Example

First you need to install InfluxDB if you haven't done it yet.

Creating user and database
influx

> create user monitor with password 'secret'
> grant all privileges to monitor

> create database nodes
Example

Example below connects to InfluxDB, generates random metrics for two clusters for 20 days and calculates mean cpu usage for both clusters. Source code of the example is on GitHub.

package main

import (  
    "encoding/json"
    "fmt"
    "github.com/influxdata/influxdb/client/v2"
    "log"
    "math/rand"
    "time"
)

const (  
    database = "nodes"
    username = "monitor"
    password = "secret"
)

var clusters = []string{"public", "private"}

func main() {  
    c := influxDBClient()
    createMetrics(c)
    for _, cluster := range clusters {
        log.Printf("Mean values: cluster='%s', cpu_usage='%f'", cluster, meanCpuUsage(c, cluster))
    }
}

func influxDBClient() client.Client {  
    c, err := client.NewHTTPClient(client.HTTPConfig{
        Addr:     "http://localhost:8086",
        Username: username,
        Password: password,
    })
    if err != nil {
        log.Fatalln("Error: ", err)
    }
    return c
}

func createMetrics(c client.Client) {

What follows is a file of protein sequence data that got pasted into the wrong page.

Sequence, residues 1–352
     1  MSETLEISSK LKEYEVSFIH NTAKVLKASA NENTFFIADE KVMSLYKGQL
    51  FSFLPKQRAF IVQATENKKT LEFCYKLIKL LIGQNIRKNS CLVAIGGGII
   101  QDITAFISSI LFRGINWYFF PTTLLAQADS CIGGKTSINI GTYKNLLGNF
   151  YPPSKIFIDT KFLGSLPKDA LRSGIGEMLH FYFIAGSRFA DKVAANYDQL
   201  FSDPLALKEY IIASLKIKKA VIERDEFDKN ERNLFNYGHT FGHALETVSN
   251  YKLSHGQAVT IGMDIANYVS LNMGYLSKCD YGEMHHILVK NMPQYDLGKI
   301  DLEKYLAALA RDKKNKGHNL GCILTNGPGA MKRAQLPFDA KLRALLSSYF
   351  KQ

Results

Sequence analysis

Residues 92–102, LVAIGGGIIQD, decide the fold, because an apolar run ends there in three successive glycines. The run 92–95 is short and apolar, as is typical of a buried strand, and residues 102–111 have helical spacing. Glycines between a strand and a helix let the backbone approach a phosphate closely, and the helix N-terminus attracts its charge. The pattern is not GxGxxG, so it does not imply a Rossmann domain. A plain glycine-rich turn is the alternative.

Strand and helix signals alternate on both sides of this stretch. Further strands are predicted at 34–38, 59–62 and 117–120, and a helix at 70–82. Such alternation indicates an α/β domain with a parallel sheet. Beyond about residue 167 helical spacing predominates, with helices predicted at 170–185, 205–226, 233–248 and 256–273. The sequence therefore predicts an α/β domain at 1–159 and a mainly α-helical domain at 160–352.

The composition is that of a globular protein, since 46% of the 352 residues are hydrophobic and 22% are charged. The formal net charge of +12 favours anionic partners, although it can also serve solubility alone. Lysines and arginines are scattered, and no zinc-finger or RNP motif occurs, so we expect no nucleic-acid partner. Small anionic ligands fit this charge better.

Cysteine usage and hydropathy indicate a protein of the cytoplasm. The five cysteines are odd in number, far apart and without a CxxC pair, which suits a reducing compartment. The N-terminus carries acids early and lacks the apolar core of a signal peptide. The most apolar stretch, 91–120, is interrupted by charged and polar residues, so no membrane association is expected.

bp, err := client.NewBatchPoints(client.BatchPointsConfig{
        Database:  database,
        Precision: "s",
    })

    if err != nil {
        log.Fatalln("Error: ", err)
    }

    eventTime := time.Now().Add(time.Second * -20)

    var t time.Duration
    for t = 0; t < 20; t++ {
        for i := 0; i < 100; i++ {
            clusterIndex := rand.Intn(len(clusters))
            tags := map[string]string{
                "cluster": clusters[clusterIndex],
                "host":    fmt.Sprintf("192.168.%d.%d", clusterIndex, rand.Intn(100)),
            }

            fields := map[string]interface{}{
                "cpu_usage":  rand.Float64() * 100.0,
                "disk_usage": rand.Float64() * 100.0,
            }

            point, err := client.NewPoint(
                "node_status",
                tags,
                fields,
                eventTime.Add(time.Second*10),
            )
            if err != nil {
                log.Fatalln("Error: ", err)
            }

            bp.AddPoint(point)
        }
    }

    err = c.Write(bp)
    if err != nil {
        log.Fatal(err)
    }
}

func meanCpuUsage(c client.Client, cluster string) float64 {  
    q := client.Query{
        Command:  fmt.Sprintf("select mean(cpu_usage) from node_status where cluster = '%s'", cluster),
        Database: database,
    }

    resp, err := c.Query(q)
    if err != nil {
        log.Fatalln("Error: ", err)
    }
    if resp.Error() != nil {
        log.Fatalln("Error: ", resp.Error())
    }

    res, err := resp.Results[0].Series[0].Values[0][1].(json.Number).Float64()
    if err != nil {
        log.Fatalln("Error: ", err)
    }

    return res
}

Sample output:

2016/04/18 19:04:24 Mean values: cluster='public', cpu_usage='47.198448'  
2016/04/18 19:04:24 Mean values: cluster='private', cpu_usage='45.478159'  

In summary

InfluxDB is a time series database optimised for writes and series searches. It has a data manipulation DSL designed to be very similar to SQL to simplify adoption. Also InfluxDB team provides a Go client, which allows to simplify writing and reading data.